Monday, August 09, 2004

We Have To Test....

That seems to be the new standard response to any who question or challenge the notion of standardized national testing of grade school children. And while Kerry has suggested some additional approaches - better funding, training, and testing for teachers, and looking beyond the test when evaluating the performance of kids - these suggestions are not innovative, nor are they likely to either receive the type of funding or implementation that would actually result in improvement.

The biggest complaint about standardized tests - and it is valid - is that schools teach to the test. In some cases, teachers have even been shown to have obtained the test in advance and to have literally taught from it. This used to be the biggest problem in "failing schools", where school administrators and teachers assumed that too many kids would fail or do poorly if they focused on teaching their subjects rather than transforming the school into a test preparation center. But with "No Child Left Behind", even a good school can be defined as "failing" based upon whether or not its standardized test scores "improve" from year to year.

The biggest failing of "No Child Left Behind" is probably its focus on rote learning. It seems that the Bush Administration defines "reading" as "being able to decode words on a page", and "learning" as "being able to recite lessons taught in class". Schools which want to teach broader language skills and critical thinking can suffer as their kids, who will be far more capable thinkers in the future, compete against kids who have spent a school year focused primarily on standardized test performance.

So what to do.... Here's one that will make school administrators and teachers who are gaming the system blanche: Give the test at the start of the new school year, rather than during the course of the prior school year. Give the teachers a couple of weeks to bring the kids back up to speed from their near-inevitable summer backsliding, then administer the test. Kids who really learned their lessons the year before will do well. And that's what the testing is really supposed to measure.

Isn't it?


  1. You've heard me complain about this before: the lowest-end schools will end up concentrating all of their resources on "bringing up to level," that is, making sure the test scores are as high as possible. In theory this sounds good; the lowest-performers are helped. In reality, this means everything from manipulating the enrollment rolls, as was done in Texas, to the schools' inability to achieve anything other than "improvement" (leaving non-struggling students to flounder on their own).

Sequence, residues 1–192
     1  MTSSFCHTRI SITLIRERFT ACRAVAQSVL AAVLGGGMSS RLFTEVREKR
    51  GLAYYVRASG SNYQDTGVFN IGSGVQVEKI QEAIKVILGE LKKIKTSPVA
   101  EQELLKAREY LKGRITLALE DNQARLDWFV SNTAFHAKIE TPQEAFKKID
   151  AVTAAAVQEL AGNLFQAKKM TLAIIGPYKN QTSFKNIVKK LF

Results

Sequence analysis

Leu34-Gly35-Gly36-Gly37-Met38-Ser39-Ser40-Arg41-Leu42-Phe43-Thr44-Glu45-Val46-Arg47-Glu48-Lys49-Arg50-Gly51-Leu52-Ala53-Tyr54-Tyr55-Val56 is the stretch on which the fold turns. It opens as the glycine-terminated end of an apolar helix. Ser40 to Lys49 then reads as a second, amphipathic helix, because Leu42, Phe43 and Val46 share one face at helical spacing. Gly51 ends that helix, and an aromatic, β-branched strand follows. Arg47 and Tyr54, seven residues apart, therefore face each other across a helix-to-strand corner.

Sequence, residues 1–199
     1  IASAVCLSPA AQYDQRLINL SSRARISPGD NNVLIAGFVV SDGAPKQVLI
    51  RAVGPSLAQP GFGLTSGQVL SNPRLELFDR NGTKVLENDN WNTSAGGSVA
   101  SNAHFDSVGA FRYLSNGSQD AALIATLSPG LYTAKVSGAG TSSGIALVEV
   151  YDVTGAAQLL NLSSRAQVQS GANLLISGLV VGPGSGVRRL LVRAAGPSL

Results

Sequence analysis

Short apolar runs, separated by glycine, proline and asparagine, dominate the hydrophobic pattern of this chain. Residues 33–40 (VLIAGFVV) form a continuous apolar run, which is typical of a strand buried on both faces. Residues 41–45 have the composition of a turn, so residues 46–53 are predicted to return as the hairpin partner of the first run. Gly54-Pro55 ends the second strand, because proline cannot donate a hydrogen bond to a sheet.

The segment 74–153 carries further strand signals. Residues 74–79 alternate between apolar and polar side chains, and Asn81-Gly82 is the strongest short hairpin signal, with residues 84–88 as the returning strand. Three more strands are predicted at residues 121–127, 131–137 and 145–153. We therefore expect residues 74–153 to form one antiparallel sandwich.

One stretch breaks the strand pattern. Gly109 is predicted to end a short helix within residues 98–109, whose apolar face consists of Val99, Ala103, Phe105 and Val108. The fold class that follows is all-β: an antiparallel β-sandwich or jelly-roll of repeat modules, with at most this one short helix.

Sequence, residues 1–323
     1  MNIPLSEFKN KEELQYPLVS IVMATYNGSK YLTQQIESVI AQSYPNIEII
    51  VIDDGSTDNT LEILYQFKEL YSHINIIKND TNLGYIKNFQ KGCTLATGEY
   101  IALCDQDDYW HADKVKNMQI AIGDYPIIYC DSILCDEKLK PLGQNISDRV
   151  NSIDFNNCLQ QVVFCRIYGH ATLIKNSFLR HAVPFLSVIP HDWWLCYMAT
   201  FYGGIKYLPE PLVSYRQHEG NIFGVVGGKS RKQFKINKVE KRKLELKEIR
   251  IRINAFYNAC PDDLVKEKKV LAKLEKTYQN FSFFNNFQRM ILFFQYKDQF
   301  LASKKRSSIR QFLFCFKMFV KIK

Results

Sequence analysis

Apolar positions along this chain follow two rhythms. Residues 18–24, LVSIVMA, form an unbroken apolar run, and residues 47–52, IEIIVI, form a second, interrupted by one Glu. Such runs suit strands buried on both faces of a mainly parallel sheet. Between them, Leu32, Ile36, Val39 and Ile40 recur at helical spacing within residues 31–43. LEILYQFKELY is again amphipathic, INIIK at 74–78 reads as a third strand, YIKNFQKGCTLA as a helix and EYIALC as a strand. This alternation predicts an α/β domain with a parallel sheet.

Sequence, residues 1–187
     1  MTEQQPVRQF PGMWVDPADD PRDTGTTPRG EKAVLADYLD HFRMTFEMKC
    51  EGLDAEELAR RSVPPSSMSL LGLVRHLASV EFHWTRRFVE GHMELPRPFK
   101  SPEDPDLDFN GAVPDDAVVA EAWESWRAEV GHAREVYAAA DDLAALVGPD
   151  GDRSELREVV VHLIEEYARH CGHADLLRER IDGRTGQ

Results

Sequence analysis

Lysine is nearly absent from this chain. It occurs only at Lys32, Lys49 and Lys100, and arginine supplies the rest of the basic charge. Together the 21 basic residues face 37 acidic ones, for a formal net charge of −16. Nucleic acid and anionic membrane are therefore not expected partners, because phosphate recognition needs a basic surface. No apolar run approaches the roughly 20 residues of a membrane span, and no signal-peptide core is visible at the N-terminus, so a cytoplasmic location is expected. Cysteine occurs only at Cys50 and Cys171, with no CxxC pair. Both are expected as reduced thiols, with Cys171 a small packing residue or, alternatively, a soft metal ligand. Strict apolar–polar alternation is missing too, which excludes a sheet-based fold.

2. We have one school in our school district in the the 'needs improvement' category because not enough kids took the test. To show how punitive and unfair the rules are, you need to know they missed the cutoff by one student. The school is deemed failing, not because the teachers are not teaching well but because a parent decided not to let the kid be tested.

    The whole idea that one test will show whether kids are receiving a good education is flawed. Good measures of achievement require some sort of validity testing (research); looking at some of the test questions, I don't think the tests are guarenteed to be well-constructed. As it is, achievement test results are notoriously correlated to social economic status. I think it will be damned hard to design a test which would accurately measure whether the kids are getting a good education. On top of that, you need to validate your test with research.

    I'm concerned all these code words of 'accountability' and 'proficiency' is just a way of reframing so that if you oppose testing, then you are evil, stupid and reckless. In the meantime, if your school isn't able to jump over all the many many hoops, then money is siphoned off into expensive tutoring and transportation to other schools. Forget that no extra money is provided to schools to improve education.


Note: Only a member of this blog may post a comment.